The Corps had justified the using the National Permit (NWP 21) based on the "irrational" claim that burying streams with toxic mining wastes had no significant environmental impact.

“I’m thrilled they overturned this decision; it’s a victory for people in eastern Kentucky," said KFTC member Rick Handshoe, a party in the case whose family land in Floyd County is surrounded by mining. "People who live in eastern Kentucky deal with both the immediate and long-term cumulative impacts of mining everyday. Even when the mining is stopped and the coal company is long gone, we deal with the poisoned water and devastated land for decades afterwards.”

0 comments view comments

Beshear administration still pushing weakened water quality standard for selenium

Spinal deformities in fish resulting from selenium exposure. Photo: Wake Forest University.

On Tuesday, a legislative subcommittee will consider again a proposal from Kentucky’s Division of Water to significantly weaken the water quality standard for selenium pollution.

0 comments view comments

Be Part of a Just Transition for Appalachia, April 19-21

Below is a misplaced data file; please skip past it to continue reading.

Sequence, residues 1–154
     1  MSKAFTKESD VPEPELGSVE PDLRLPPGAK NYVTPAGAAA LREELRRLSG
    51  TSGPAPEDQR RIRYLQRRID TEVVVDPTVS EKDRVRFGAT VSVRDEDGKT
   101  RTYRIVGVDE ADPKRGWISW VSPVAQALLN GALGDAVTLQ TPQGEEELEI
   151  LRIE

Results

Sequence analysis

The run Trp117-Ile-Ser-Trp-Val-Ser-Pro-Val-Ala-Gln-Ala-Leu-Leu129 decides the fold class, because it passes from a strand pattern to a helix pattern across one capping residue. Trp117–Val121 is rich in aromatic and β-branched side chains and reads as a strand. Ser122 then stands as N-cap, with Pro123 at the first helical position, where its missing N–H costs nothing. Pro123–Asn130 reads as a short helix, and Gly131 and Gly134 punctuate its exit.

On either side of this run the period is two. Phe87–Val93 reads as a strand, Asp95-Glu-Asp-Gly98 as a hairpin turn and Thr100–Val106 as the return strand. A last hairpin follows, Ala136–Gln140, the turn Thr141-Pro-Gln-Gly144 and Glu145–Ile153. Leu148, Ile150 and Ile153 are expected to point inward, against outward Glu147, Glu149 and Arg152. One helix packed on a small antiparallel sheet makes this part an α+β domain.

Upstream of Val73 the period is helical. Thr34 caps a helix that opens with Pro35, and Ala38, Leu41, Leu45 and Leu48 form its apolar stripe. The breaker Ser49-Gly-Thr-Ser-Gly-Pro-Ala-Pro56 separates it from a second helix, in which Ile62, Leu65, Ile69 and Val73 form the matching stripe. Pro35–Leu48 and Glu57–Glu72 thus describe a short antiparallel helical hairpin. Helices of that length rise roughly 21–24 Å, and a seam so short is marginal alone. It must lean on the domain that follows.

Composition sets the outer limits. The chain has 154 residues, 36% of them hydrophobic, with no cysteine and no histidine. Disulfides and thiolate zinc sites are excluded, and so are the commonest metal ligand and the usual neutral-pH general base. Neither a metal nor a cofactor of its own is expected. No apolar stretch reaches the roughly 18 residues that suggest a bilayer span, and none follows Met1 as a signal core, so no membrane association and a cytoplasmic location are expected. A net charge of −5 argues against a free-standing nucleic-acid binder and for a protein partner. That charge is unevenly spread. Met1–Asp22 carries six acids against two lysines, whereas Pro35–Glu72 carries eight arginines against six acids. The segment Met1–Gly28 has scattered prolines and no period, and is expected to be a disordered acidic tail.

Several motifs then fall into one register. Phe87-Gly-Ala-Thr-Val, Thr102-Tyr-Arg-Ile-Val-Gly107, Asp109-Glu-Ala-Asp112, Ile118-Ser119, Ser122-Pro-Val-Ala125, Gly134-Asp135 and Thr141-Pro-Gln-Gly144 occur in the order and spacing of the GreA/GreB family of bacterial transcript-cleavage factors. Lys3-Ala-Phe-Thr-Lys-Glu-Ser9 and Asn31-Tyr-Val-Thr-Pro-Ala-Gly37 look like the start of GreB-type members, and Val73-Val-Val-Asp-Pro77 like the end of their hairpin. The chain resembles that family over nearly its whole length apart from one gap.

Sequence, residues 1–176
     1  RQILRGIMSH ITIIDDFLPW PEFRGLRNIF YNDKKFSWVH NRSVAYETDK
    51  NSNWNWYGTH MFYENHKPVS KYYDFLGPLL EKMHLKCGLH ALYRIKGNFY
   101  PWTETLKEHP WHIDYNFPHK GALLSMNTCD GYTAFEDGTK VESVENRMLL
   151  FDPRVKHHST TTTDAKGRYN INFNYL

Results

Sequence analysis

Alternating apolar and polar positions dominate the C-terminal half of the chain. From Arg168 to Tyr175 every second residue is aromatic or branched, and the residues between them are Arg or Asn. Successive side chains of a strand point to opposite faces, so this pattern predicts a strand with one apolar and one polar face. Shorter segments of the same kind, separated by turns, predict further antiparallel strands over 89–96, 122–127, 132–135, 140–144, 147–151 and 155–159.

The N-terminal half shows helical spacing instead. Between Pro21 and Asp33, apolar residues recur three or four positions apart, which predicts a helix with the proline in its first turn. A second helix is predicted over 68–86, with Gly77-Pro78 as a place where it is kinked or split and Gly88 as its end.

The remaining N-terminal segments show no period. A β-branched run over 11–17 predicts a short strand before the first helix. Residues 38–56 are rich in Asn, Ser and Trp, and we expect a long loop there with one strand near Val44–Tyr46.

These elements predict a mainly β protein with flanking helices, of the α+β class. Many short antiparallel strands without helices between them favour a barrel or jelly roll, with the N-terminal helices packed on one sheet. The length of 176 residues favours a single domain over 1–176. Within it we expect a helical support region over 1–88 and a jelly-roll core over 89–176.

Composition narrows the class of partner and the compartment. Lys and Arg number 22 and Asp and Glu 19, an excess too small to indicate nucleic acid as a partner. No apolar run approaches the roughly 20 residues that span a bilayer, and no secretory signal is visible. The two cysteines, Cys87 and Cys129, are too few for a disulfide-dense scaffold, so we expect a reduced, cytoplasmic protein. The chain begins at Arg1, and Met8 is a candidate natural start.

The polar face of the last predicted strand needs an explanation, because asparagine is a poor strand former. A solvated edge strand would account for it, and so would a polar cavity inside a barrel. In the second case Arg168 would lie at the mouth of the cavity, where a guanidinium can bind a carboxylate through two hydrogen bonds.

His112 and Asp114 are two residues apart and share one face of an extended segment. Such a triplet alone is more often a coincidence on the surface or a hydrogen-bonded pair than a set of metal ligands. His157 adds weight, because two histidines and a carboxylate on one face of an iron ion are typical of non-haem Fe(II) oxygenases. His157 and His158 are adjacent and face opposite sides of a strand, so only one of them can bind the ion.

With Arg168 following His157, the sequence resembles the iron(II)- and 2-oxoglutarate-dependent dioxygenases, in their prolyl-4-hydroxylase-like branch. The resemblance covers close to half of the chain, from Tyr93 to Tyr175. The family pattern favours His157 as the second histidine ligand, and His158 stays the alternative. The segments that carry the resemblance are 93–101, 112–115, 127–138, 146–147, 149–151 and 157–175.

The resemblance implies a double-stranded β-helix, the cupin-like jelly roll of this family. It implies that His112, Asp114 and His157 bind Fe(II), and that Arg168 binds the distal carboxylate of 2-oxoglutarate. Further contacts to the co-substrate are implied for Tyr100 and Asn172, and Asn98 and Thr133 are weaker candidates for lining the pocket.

Eastern Kentucky's economy is changing fast, and our future is unwritten. We believe we have the opportunity to move forward together, to build a new economy here in the mountains – a diverse, home-grown economy good for all people. We can generate new jobs, new businesses and new opportunities for the workers, families and young people of eastern Kentucky. It won't be easy, but we can have a bright future here, if we build it.

We believe it's essential that the transition to the new economy is a just transition – one that celebrates our culture and invests in communities and workers who depend on the old economy. We have many assets here.

Who is this
conference for?